Wendy and Lucy ****
Directed by Kelly Reichardt
Written by Kelly Reichardt and Jonathan Raymond
Michelle Williams as Wendy
Will Patton as Mechanic
Wally Dalton as Security Guard
"Wendy and Lucy" features perhaps the finest female performance I have seen all year. A performance of such raw naturalness and of heartbreaking realism, all taking place within the confines of a film maker who finds poetry behind the camera. And this is a pleasant surprise for me after Kelly Reichardt's last film, the overrated "Old Joy," which I found underwritten and trite. And there isn't much different between the two films in terms of approaches. Both films tackle bare-bones material and very simple plotlines. "Old Joy" was about two friends who take a trip to the woods after several months of not seeing each other. "Wendy and Lucy' is about a young woman looking for her dog. But there was something missing from 'Old Joy" that is present in "Wendy and Lucy," and that is Michelle Williams.
Williams already has some acclaim from her Oscar nominated performance in "Brokeback Mountain," but when it comes to emotion she goes an easy route in that film. But here she is given a character that she is able to explore with a more subtle nature. "Brokeback Mountain" was made to win awards, but "Wendy and Lucy" was made to explore this character, and her relationship with the only thing that she has left-her dog. Wendy is almost impoverished, and taking a trip across country to start a new life in Alaska. The only three things she has is a little over five hundred dollars, her late 80's make car, and her dog Lucy. At the start of the film we see Wendy playing with Lucy in a field, clearly finding her dog to be the best thing in her life. When her car breaks down and she runs out of dog food, Wendy ties Lucy up outside a grocery store and goes inside to smuggle some food out. She is caught and brought to jail, but when she returns four hours later Lucy is gone. She then goes on a trip to the pound, but they are not helpful. She makes posters and hangs them up everywhere. She sleeps in her car, and when the car goes into the shop to get fixed she relies on the kindess of an old security guard in front of a Walgreens.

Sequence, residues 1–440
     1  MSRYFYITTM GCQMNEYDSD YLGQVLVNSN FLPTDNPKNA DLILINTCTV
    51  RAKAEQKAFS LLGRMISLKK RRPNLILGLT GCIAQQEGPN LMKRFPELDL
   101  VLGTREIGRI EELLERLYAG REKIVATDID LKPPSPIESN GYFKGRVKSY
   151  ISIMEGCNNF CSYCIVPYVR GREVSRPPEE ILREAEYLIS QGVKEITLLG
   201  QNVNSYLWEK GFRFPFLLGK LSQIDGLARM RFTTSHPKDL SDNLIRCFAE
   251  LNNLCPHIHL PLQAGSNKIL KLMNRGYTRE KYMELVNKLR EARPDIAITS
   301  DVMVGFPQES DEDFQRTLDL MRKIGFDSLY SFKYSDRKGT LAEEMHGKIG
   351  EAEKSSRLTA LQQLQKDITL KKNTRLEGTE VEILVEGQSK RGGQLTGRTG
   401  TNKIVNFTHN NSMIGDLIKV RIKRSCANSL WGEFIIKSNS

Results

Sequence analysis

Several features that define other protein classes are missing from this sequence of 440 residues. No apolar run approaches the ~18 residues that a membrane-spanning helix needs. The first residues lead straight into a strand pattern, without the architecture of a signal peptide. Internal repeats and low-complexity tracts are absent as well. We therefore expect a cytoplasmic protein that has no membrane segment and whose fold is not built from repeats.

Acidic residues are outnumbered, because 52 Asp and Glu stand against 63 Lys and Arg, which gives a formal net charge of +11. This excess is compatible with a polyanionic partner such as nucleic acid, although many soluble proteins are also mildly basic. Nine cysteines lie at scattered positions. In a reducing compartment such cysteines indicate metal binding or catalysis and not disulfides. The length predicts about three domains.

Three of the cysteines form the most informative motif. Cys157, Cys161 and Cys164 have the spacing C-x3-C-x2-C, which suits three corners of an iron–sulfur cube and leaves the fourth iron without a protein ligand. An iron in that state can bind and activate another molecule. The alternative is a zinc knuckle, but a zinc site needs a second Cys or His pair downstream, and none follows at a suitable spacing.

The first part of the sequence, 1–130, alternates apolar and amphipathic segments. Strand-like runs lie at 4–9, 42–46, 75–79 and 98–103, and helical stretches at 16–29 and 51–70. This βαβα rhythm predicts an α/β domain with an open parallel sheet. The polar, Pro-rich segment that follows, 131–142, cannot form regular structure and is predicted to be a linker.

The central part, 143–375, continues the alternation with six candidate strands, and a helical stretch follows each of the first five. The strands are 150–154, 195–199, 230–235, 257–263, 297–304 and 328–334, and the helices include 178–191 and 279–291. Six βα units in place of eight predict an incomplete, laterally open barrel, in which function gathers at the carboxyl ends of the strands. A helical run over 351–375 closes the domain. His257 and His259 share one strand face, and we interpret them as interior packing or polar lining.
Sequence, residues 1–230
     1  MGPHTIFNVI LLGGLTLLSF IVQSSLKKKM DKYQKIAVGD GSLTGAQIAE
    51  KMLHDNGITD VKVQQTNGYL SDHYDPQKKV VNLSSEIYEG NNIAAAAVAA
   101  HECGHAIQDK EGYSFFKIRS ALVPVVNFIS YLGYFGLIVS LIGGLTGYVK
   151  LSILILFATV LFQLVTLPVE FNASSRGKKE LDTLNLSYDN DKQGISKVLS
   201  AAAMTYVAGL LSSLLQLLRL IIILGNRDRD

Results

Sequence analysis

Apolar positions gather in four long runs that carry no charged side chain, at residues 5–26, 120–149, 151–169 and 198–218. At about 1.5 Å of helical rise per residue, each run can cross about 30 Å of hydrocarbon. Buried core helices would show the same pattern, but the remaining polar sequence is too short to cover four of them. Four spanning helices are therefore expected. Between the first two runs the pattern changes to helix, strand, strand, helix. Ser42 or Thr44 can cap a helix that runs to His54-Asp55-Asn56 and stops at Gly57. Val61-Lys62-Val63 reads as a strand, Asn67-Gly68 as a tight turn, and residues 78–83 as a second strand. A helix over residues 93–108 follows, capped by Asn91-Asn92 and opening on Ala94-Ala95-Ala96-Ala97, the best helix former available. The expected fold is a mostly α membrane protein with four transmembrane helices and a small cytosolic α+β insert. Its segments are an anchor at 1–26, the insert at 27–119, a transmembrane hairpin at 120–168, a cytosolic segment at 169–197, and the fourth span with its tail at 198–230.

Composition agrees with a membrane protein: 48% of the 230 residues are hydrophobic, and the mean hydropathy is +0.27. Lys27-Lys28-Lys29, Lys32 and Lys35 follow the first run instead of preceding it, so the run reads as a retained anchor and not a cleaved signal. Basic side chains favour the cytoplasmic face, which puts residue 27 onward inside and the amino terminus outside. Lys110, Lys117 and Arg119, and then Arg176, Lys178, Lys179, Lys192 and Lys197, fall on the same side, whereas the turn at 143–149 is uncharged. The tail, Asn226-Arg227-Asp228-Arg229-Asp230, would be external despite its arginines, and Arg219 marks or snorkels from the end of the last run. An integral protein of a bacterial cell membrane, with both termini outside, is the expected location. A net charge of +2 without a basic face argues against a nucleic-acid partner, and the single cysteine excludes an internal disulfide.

There isn't much of a story here but Michelle Williams moves the story along, giving us small hints of her past through subtle looks and glances. There are scripted hints-such as a phone call to her sister, who continues to think that she is calling for money-but for the most part its in the performance where the emotion lies. When Lucy is missing, its the strain in which Wendy calls her name that gets more and more desperate, more and more scared, that we can only imagine that Wendy's life would be like without her. It's this performance that really seals "Wendy and Lucy" as being a great film, and the bare-bones material is given new life. Where the acting was wooden and dry in 'Old Joy," it is rather uplifting here. It's beautiful to watch her walk down the streets, and Reichardt works well with landscapes, giving serene forest settings a creepy vibe as Wendy searches for Lucy. This little town that Wendy is stuck in in gray and depressing-almost like a ghost town. I am reminded of the Last Judgement, with Wendy's entire life being put to a standstill in this drab location.
Reichardt's film really had an odd effect on me, and I found so much beauty in this little film-and little is right. Not only is it 80 minutes long, but it contains very little dialouge and was probably made with a very small budget. But its a piece that proves that a film doesn't need special effects or A-list actors to pack a punch-it needs talent in every section of it. And as for the ending-yes, it is somewhat depressing, but not in the way that you would think. The final revelation is not only fitting, but it is also fully satisfying. When we leave Wendy's life, along with the rather haunting melody that she hums throughout the film, we finish on a note of sadness, but also a note of hope and promise. Perhaps Wendy will return to this place one day, and we can only hope. Because the irony is, in this drab little town there are some of the best people that Wendy ever met.